What is Nutrition & Metabolism?
© Feinman and Hussain; licensee BioMed Central Ltd. 2004
Received: 02 August 2004
Accepted: 17 August 2004
Published: 17 August 2004
A new Open Access journal, Nutrition & Metabolism (N&M) will publish articles that integrate nutrition with biochemistry and molecular biology. The open access process is chosen to provide rapid and accessible dissemination of new results and perspectives in a field that is of great current interest. Manuscripts in all areas of nutritional biochemistry will be considered but three areas of particular interest are lipoprotein metabolism, amino acids as metabolic signals, and the effect of macronutrient composition of diet on health. The need for the journal is identified in the epidemic of obesity, diabetes, dyslipidemias and related diseases, and a sudden increase in popular diets, as well as renewed interest in intermediary metabolism.
Recent events that provide the rationale for a new Open Access journal, Nutrition & Metabolism (N&M) include 1) an awareness of an epidemic of obesity, diabetes, dyslipidemias and related diseases, 2) a sudden increase in the popularity of diets, such as low carbohydrate diets, to achieve weight loss and combat diabetes, and 3) a renewed interest in intermediary metabolism accompanied by the development of new tools and techniques for genomic and metabolic analysis.
With the considerable activity shown in these areas, rapid and easily accessible dissemination of new information is clearly valuable. Whereas articles in existing journals do discuss intermediary metabolism in a nutritional context, there is a need for a unique and explicit focus for this discipline. In addition, it is precisely because publications in nutritional biochemistry are spread over such a large number of existing journals, few libraries and almost no individual can subscribe to all. It is in areas like this that free, open access becomes important. There is a large published debate on open access (see, e.g. ). Most recently, the UK House of commons issued a report encouraging open access publishing of government-funded research (available with comments through http://www.plos.org/about/openaccess.html) and similar motions exist in the US congress [2, 3]. The editors of N&M feel that, at this point, the burden of proof is on proponents of perpetuating the current system. We are, however, not doctrinaire on this point and believe one should pay for a service if it is valuable. Beyond information, printed collections provide convenience and we intend to offer bound copies of articles on individual topics as the journal proceeds.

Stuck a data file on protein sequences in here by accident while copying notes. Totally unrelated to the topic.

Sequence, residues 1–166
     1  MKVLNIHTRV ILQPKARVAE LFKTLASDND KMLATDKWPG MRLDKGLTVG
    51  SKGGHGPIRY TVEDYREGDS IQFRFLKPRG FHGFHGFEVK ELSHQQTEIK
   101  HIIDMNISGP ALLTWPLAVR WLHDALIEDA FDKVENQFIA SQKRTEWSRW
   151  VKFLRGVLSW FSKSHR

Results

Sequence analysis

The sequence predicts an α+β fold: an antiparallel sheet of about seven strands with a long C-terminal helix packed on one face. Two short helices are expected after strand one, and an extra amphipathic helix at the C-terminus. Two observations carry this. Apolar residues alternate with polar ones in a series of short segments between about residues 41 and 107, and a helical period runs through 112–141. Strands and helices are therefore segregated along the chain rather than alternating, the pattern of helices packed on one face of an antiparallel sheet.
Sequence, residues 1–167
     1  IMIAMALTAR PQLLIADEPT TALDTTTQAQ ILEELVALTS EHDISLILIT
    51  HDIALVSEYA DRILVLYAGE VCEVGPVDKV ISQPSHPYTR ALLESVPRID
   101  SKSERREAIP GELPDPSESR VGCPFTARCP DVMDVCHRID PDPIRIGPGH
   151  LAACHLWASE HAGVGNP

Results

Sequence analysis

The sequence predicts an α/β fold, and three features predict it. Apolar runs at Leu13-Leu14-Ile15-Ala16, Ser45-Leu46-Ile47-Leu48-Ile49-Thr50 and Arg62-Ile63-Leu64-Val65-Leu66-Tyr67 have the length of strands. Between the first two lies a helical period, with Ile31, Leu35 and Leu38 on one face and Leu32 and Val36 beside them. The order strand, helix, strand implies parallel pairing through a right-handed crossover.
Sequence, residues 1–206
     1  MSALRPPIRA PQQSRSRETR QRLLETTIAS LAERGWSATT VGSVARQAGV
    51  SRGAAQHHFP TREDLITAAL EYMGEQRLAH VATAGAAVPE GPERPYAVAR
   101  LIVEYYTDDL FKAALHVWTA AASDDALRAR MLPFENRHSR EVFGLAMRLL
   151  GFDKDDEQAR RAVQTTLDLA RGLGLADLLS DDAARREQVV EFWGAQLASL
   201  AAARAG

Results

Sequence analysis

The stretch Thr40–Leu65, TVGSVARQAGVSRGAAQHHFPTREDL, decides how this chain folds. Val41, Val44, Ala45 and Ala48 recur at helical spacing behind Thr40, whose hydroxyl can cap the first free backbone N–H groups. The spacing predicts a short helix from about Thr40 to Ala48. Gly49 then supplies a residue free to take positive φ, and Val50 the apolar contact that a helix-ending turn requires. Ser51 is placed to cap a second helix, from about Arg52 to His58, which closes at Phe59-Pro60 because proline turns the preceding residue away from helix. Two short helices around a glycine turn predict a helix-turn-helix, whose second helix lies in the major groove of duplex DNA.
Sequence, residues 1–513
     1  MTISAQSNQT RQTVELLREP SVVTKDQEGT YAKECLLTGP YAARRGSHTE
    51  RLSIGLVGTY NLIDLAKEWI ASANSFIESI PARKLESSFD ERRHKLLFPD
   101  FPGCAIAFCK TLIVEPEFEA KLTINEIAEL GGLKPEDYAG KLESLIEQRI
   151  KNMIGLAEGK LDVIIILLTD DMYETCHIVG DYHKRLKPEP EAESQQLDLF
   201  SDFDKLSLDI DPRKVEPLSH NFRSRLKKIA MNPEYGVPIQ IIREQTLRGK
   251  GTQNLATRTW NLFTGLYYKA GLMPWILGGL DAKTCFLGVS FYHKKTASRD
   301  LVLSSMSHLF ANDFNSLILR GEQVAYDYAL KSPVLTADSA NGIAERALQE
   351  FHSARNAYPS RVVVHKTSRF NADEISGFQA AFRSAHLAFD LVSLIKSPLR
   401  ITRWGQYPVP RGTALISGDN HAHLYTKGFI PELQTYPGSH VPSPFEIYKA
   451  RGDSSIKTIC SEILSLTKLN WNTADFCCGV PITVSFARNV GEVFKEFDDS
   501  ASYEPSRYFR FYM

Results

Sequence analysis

Nutrition and metabolism is a broad field and we welcome submissions from all areas of nutrition and related biochemistry. Like any journal, however, N&M has its own strengths and interests as indicated by the board of editors http://www.nutritionandmetabolism.com/edboard/. Three areas of particular interest are lipoprotein metabolism, amino acids as metabolic signals, and the effect of macronutrient composition of diet on health. This is reflected in our opening research articles by Darimont, et al. on the control of obesity and lipid structure by adrenergic systems, and by Volek, et al. on the effectiveness of low carbohydrate diets, and differential effects on fat and lean mass.
The sudden popularity of low carbohydrate diets is one of the most remarkable phenomena in nutrition today. A recent editorial by Walter Willett points out how important it is that we understand them . Similarly, the recent conference on Nutritional and Metabolic Aspects of Low Carbohydrate Diets http://downstate.edu/kingsbrook/, while not recommending any particular diet, highlighted many of the relevant issues in macronutrient control of metabolism. In our initial publications, contributors to the conference will provide reviews of the various topics covered. In the first posting, Klaas Westerterp summarizes the importance of macronutrient composition in thermogenesis, and Stephen Phinney discusses the impact of ketogenic diets on physical performance. Kimball and Jefferson review the regulation of mRNA translation in general. The article provides a nice overview of various mechanisms involved in the control of protein synthesis when amino acids become limiting. Perhaps the most important from a practical standpoint, Nuttall and Gannon summarize potential benefits of higher protein diets in diabetes.
Nutrition & Metabolism welcomes contributions in all areas of research in which nutrition interacts with biochemistry and molecular biology. Emphasis will be on the molecular, biochemical, and physiologic understanding of various metabolic pathways. The journal will publish Original Research, Reviews, Commentaries and Perspectives, Brief Communications, Methods and Book Reviews. Access to all articles in N&M is free. Articles are included in PubMed and archived in PubMed Central. Online submissions can be made at http://nutritionandmetabolism.com/manuscript.
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